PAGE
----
The Bajo Tribe and all the sea gypsies in Indonesia are recognized as citizens, they are Indonesia and they are part of the public programs to protect the Natural Marine Park in Wakatobi. There is a small school in the village and a healthy clinic, so I guess they are being “looked after” by the government.
Looks like you had a very beautiful and interesting experience in the village. I love the look on their faces when you show them the photos. I would like to visit those places.
The kids loved to see their photos, sometimes felt like they didn’t know how beautiful they really are.
Love those smiles!
I saw sea gypsies in a few different countries. Hardy people!
Many live in paradise too, with crystal clear waters and palm trees swaying in the breeze. Even though they live in hard conditions during monsoon season these folks always seem to be cheery, happy and grateful.
Awesome lesson for all of us.
Thanks for sharing!
The hard conditions of the Indonesia weather and those tiny fragile houses stayed in my mind for days. I still can believe how they survive during the monsoon. But one of the men from the village told me that “Bajo people never give up”, so I guess that’s another lesson we need to learn from them.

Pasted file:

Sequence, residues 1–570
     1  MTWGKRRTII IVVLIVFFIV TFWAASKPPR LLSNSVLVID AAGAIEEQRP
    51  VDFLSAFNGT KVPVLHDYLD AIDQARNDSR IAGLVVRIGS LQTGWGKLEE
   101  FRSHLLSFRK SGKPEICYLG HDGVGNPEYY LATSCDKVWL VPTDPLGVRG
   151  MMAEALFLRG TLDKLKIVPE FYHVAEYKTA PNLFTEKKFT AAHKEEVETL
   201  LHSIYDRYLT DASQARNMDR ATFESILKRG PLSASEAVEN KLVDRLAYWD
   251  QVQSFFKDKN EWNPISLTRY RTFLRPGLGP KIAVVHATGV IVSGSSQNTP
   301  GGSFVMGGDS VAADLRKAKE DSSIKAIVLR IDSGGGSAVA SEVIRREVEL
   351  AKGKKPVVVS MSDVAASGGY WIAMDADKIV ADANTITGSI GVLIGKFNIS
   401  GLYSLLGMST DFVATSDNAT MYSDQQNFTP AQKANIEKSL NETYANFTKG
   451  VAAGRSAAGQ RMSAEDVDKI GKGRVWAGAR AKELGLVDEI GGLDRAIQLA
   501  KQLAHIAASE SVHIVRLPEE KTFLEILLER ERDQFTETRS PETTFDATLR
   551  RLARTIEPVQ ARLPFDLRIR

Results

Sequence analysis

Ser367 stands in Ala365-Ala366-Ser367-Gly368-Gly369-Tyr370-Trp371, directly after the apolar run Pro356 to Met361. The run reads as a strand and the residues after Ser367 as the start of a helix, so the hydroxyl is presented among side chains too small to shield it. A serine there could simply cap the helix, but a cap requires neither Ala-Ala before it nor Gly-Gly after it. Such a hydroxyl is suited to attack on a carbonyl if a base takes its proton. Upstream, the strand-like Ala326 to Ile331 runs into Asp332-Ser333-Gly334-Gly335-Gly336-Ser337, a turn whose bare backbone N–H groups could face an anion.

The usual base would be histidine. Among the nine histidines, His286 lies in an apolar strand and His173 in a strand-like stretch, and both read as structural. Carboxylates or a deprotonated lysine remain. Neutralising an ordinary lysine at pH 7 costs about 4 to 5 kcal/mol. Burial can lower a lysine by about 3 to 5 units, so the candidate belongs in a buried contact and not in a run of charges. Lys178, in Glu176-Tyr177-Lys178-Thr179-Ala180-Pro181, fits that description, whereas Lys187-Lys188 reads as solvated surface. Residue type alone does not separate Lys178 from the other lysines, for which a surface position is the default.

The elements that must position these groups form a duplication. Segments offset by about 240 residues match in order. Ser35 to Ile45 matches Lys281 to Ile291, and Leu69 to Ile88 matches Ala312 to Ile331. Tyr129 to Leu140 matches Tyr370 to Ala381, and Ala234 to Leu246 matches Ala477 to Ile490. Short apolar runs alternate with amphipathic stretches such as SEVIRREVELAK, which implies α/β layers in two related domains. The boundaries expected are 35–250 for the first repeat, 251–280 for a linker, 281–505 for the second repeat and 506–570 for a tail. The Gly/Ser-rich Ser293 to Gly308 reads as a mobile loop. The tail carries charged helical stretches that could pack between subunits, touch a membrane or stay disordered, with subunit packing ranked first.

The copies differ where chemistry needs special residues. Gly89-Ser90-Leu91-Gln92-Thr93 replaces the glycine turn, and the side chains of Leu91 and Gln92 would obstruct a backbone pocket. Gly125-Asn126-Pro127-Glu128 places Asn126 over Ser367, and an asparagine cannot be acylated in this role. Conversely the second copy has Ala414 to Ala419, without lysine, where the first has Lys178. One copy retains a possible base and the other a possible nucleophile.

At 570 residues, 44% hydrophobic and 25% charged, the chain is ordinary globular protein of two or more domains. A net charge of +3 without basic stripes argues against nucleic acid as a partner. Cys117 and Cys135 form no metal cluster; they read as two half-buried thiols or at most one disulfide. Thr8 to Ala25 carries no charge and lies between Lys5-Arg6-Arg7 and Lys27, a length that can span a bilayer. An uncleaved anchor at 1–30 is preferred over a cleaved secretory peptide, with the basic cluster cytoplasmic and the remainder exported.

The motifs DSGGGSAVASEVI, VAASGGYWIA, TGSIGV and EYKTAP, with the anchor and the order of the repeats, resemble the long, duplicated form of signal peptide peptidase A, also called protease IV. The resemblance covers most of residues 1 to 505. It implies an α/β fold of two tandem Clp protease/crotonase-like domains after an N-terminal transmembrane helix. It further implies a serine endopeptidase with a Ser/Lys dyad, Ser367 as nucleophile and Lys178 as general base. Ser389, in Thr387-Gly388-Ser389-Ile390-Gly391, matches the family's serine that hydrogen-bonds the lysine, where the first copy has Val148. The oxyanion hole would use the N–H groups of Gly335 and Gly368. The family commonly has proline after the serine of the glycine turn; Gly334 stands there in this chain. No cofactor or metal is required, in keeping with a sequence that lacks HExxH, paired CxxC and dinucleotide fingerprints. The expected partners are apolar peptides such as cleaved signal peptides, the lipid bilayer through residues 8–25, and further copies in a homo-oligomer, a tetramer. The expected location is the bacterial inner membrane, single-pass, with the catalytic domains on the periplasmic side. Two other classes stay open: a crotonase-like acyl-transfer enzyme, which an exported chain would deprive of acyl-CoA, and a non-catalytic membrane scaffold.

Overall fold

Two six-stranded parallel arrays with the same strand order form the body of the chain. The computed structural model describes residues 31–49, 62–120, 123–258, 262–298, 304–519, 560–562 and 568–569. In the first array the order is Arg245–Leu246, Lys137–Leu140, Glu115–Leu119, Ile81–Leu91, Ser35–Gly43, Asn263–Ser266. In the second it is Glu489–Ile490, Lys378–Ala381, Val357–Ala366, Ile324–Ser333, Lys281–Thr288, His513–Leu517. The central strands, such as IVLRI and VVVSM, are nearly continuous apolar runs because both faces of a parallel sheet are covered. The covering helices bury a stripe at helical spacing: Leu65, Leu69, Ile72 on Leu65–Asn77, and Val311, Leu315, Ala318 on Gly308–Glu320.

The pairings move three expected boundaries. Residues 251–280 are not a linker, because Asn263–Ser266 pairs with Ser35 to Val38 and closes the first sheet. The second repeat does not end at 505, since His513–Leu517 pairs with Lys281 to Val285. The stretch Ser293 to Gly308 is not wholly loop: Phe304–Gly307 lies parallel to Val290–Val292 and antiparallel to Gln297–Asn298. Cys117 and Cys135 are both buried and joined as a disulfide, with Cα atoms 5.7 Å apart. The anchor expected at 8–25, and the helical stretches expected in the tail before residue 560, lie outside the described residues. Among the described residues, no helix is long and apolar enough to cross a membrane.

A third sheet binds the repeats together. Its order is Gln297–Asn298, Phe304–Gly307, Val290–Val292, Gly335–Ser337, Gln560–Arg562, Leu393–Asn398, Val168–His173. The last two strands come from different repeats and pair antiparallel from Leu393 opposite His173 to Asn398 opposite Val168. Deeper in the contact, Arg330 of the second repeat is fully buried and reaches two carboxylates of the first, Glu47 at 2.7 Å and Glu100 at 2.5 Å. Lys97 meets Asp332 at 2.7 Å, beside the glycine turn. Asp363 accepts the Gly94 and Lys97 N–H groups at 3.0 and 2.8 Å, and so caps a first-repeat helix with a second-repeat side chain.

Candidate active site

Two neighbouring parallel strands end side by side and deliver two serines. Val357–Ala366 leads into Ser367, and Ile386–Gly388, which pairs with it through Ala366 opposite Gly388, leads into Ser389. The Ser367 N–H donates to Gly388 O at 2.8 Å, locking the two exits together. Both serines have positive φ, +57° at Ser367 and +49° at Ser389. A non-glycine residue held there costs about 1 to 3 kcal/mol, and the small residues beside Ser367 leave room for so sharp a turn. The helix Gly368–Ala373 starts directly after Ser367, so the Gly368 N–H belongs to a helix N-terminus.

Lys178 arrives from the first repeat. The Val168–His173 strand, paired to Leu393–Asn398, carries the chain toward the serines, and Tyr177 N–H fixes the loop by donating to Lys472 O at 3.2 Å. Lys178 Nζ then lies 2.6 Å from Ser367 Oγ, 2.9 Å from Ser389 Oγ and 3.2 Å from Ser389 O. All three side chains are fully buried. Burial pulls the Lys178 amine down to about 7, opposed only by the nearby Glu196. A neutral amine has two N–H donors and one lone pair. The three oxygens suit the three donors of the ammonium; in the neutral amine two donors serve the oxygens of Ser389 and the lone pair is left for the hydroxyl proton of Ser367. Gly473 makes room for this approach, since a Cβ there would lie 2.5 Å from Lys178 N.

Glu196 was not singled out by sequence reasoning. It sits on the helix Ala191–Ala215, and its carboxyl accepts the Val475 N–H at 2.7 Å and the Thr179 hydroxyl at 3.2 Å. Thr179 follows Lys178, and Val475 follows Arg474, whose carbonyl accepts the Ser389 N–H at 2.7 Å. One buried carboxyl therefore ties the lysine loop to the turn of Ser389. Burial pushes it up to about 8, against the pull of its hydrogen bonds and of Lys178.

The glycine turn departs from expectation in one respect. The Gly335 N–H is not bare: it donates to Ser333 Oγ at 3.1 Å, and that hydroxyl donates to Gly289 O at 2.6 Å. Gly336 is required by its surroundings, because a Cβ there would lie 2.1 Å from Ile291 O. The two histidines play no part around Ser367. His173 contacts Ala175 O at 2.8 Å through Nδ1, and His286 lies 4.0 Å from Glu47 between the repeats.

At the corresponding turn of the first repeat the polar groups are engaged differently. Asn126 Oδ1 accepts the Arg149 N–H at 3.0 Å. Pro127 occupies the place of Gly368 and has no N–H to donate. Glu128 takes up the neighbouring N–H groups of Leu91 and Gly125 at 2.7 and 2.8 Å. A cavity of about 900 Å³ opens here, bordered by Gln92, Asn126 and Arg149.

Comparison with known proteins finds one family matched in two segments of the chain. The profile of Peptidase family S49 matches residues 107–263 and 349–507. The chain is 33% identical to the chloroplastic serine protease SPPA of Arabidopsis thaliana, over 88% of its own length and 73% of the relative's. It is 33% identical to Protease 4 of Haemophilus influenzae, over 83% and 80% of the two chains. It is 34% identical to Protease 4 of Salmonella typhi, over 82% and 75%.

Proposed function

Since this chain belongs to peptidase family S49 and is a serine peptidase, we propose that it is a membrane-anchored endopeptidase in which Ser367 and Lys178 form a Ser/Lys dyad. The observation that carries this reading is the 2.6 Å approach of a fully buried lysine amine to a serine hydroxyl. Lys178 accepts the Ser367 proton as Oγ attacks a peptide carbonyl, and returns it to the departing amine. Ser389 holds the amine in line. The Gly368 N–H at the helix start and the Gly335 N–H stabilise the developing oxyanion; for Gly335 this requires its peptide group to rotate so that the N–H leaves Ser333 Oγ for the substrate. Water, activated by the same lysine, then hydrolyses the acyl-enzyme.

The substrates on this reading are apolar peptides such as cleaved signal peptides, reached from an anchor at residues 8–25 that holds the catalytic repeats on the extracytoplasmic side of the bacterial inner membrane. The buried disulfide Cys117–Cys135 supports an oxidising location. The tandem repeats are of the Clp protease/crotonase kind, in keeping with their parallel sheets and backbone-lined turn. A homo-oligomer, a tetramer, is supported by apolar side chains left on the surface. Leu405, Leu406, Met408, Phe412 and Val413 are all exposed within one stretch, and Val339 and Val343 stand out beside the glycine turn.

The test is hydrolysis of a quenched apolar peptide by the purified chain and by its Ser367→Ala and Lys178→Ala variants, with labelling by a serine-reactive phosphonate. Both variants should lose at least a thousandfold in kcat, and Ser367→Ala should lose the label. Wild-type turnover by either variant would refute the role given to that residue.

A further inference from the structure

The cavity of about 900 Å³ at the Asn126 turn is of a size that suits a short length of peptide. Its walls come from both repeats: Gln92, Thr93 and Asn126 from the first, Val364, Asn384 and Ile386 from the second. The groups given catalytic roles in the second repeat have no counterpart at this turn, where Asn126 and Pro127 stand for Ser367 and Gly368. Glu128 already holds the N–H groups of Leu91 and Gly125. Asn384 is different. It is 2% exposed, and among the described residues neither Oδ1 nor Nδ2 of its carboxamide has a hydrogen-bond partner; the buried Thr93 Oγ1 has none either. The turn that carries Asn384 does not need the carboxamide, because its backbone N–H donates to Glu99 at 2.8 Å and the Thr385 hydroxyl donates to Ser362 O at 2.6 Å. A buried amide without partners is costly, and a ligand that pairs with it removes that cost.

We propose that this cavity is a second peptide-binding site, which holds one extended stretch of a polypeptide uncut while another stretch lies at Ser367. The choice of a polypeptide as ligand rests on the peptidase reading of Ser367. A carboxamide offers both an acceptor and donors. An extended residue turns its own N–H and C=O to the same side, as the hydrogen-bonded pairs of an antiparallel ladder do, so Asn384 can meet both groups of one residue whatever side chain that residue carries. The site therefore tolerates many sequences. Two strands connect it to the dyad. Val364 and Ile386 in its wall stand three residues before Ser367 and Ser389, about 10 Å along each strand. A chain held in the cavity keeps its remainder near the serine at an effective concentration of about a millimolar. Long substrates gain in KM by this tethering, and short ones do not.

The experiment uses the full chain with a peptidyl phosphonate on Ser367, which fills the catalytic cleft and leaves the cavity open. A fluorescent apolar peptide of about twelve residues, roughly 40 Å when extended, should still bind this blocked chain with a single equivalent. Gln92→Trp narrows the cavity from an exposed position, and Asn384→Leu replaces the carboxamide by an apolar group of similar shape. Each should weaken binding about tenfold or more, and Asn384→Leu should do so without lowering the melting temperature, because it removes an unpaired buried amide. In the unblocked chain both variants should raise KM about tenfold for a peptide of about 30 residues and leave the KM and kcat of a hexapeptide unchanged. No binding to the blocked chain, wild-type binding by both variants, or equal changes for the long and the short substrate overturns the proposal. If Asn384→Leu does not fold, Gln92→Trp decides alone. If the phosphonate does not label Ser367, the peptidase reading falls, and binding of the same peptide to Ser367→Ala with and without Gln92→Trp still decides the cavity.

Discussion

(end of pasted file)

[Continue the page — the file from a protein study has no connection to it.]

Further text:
Thanks for your comment,
This is simply fascinating, inspiring and beautiful! I LOVE seeing local cultures and the Bajo tribes seem to be a fantastic way to do that in Indonesia. The floating villages reminds me of the ones in Vietnam…except these ones look STUNNING on the clear, blue water!
The Bajo Tribe was a cultural immersion, love it. When in Vietnam we thought about visiting the floating villages there, but didn’t have time. Hope we can do it in another trip.
Cheers and happy travels.
OMG some of those photos are too cute for words 🙂 You had such an awesome and authentic experience – nice one! Have pinned to our favourite Southeast Asia travel board.
If you guys come back to Indonesia, put Wakatobi and the Bajo tribe on your itinerary. I’m sure you will love to have fun with those kids.